According to Adweek, “YouGov BrandIndex, a public-perception research firm that interviews over 1.5 million consumers yearly, just unveiled the results of its latest survey.” Millennials give some obvious brands their highest customer scores. Tied at the top of the list are YouTube and Facebook, but the number four and five companies, and their proximity to each other, come as something of a surprise. You can find this list and additional commentary at the link here.
Goldman & Associates Blog
Millennials Score These Brands Big
Snapchat Indifferent to Influencers
It appears that Snapchat either doesn’t desire influencers or doesn’t want to encourage them using their platform. At least that’s how Digiday sees the situation. Today they posted an article about the challenges a number of influencers are having with the social media platform as compared to others such as YouTube, Instagram or Twitter. It seems many influencers have tried the platform and some still like using it; but for the majority, it is simply too much effort to make it viable.
The New Google News Not As Robust
Google News has often been a source for interesting articles to accompany Goldman blog posts. After the new format change, one of Google News’ best features is now missing. It used to be possible to do a deep dive news search. Now all that is offered by Google News is the initial search page. Finding news nuggets that might not initially been shown will be more challenging. However, to the benefit of those companies facing a crisis, news of that crisis will be quickly buried as positive news gets posted.
New Demographic Term – Xennials
Here’s a new demographic term to us – Xennials. It apparently was first introduced in 2014 by GOOD magazine. According to Inverse Culture, it is the group that sits between Millennials and Gen-Xers. They were born between 1977 and 1983 and didn’t grow up with the internet or social media. This demographic group is old enough to remember the dot.com bust and experienced the Great Recession as part of their working lives, but don’t quite fit the description of Millennial or Gen-X.
Viral Photo of Whale and Seal Hugging
The Washington Post has a story about a photo of a beluga whale and seal hug that went viral, that many wanted to believe was real, but which proved how fake news or photos can quickly circulate. The viral photo got picked up by The Discovery Channel UK and Reddit. The designer of the photo even said it was fake, but many people wanted to believe it was real. The two species don’t even live in the same hemispheres. The Washington Post does a great job of explaining this saga.
Demographics Are Challenging Colleges
The Huffington Post has an interesting article about how demographic change is affecting college enrollment. “In fact, more than two thirds of private colleges and over 50% of public colleges failed to meet their enrollment or net tuition revenue targets for 2016,” according to statistics quoted in the article. This situation is a great example of how macro changes within the country can dramatically impact entire industries. In this case, many colleges will either need to resize, go out of business, or come up with new strategies to address the shrinking amount of high school students available who can attend a college.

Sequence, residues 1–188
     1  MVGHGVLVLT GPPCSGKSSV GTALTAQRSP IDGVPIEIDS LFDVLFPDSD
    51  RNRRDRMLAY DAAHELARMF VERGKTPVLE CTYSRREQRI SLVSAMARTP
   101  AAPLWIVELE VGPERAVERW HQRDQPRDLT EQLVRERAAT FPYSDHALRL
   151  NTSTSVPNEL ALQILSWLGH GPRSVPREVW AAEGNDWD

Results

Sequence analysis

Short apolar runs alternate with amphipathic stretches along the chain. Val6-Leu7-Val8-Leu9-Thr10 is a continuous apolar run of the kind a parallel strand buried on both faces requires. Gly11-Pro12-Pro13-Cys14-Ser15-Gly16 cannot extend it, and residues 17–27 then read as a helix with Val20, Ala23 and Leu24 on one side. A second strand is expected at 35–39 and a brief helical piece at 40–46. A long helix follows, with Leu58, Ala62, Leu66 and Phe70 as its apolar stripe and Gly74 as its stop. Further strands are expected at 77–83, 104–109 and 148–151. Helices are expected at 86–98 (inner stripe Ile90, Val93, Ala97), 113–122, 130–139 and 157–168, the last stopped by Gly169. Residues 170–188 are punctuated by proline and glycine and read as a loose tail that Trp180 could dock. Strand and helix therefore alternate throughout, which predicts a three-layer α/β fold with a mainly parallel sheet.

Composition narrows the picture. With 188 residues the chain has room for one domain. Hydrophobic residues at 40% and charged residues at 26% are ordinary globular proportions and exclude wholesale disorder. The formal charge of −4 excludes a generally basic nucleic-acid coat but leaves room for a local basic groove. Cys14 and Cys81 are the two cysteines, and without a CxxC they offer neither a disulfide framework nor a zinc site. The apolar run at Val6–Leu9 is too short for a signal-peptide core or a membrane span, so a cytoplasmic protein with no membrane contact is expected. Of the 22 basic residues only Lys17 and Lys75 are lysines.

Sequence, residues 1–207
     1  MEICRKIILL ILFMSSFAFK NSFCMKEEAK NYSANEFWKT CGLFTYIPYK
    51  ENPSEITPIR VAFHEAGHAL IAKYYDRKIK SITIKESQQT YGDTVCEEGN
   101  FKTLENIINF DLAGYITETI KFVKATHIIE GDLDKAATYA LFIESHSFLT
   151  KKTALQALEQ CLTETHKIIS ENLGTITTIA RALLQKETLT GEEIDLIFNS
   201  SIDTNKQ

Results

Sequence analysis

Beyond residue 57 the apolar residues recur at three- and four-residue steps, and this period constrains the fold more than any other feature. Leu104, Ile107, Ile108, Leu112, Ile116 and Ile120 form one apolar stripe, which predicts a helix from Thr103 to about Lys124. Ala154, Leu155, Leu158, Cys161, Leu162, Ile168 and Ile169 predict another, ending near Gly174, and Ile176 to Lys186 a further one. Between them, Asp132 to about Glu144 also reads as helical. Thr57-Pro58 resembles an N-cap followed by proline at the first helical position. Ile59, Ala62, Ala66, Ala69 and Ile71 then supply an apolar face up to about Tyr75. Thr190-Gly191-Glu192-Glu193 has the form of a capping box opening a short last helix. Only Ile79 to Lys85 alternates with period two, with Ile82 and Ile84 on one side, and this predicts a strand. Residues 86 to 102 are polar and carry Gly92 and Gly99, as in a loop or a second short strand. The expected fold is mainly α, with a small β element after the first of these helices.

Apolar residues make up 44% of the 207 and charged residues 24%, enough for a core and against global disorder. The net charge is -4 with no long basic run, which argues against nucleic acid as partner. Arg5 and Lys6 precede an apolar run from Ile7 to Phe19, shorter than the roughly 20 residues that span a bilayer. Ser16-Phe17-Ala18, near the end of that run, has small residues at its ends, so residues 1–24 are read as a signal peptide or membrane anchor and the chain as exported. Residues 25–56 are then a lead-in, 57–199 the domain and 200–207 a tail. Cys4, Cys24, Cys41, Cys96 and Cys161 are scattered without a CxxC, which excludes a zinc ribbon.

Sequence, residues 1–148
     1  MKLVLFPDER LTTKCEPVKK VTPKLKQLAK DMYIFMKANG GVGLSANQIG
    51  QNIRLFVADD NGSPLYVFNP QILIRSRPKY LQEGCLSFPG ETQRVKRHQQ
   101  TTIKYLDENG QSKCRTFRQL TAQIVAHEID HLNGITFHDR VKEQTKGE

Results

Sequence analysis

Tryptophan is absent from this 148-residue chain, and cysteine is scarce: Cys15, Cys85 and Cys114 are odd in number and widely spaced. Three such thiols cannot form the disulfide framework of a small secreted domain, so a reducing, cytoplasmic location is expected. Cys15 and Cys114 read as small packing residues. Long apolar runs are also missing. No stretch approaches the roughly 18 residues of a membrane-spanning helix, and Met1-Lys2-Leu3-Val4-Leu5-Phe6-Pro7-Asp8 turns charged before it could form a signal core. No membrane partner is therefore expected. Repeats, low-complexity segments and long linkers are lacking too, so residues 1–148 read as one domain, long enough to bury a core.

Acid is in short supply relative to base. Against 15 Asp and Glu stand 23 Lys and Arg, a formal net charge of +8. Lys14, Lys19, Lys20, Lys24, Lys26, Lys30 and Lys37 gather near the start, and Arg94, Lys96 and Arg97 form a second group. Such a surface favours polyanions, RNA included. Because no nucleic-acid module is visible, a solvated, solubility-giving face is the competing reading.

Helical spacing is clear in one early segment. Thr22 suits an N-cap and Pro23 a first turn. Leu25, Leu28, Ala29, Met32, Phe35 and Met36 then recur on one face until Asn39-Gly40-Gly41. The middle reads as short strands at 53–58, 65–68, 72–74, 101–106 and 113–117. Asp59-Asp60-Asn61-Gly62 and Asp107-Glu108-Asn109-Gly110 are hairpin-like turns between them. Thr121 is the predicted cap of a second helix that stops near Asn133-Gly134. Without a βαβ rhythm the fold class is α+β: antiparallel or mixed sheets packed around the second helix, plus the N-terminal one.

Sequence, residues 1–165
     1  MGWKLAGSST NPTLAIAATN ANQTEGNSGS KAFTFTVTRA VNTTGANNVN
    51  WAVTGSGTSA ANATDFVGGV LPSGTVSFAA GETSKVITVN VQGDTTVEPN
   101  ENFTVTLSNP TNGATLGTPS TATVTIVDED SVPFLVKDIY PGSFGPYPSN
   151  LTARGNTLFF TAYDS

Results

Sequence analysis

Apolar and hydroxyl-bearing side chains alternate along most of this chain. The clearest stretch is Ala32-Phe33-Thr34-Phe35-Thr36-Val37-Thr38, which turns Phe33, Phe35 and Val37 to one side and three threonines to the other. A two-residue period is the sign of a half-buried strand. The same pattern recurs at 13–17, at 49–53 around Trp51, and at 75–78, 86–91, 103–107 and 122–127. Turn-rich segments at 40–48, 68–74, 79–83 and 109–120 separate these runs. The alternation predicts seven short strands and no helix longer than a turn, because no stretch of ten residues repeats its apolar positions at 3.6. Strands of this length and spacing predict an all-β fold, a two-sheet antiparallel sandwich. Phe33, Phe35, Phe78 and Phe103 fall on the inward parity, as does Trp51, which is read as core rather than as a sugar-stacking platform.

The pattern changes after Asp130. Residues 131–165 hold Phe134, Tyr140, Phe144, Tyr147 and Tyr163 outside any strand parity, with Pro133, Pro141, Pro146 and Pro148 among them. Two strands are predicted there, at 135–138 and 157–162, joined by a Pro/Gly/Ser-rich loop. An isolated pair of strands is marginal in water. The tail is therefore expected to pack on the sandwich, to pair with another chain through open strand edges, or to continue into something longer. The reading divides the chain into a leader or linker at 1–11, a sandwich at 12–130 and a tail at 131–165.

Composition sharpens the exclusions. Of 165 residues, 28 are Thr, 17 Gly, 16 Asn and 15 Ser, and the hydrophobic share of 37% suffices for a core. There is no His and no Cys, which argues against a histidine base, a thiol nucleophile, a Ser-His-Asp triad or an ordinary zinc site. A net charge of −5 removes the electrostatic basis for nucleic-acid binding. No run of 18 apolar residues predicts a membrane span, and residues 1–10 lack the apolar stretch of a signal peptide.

Google Doodles Demonstrate AI
Google is letting people see how Artificial Intelligence (AI) can be used in real life to enhance drawings by providing simple demonstrations. This fascinating article in The Verge explains how the Doodle area of Google’s website lets people use AI to complete their drawings. The flip side of this is Google is using these demonstrations to train its AI computers how to draw. The more people engage with the program, the more intelligent it gets at understanding these skills.
Reputation: Workers Trust CEO’s Ethics
As low as CEOs are generally rated on consumer surveys, it is interesting to note that most workers trust the ethics of their own CEOs. “According to recent Gallup research, 45% of U.S. employees rate the moral values of their CEOs, presidents or other business leaders as ‘excellent,’ 30% rate them as ‘good’ and only 23% rate them as either ‘fair’ or ‘poor’.” Workers are more positive about the moral reputation of their CEO than the moral values of their country. One noteworthy statistic to come out of this research is not so positive for CEOs and points out the need for better internal communication, “only 13% strongly agree that their organization’s leadership communicates effectively.”
Internet or internet, Top Court’s Opinions
It turns out that there is quite a controversy at the U.S. Supreme Court as to whether Internet should be capitalized or not. The difference between the two spellings has very different legal meanings according to justice opinions in the recent case of Packingham v. North Carolina. According to Motherboard, which explains the controversy very well, it boils down to whether Internet is seen as a place, or whether internet is seen as a broad spectrum of things. On the surface this may seem trivial, but it actually has major legal implications. So next time you write Internet or internet, you’ll need to think through context and world view on the subject.
Do You Own Your Facebook Photos?
According to an article on Fossbytes, the quick answer is yes, but that doesn’t mean you have exclusive rights to them. Facebook actually has rights to use them as they see fit and you really can’t do anything about it. You can adjust your Facebook settings to limit the likelihood that they will be used by others, but you still can’t control how Facebook might use them. The article explaining your legal rights is written in non-legal and easy to understand language. If you have any concern about ownership of images or video on Facebook, this article is worth reading.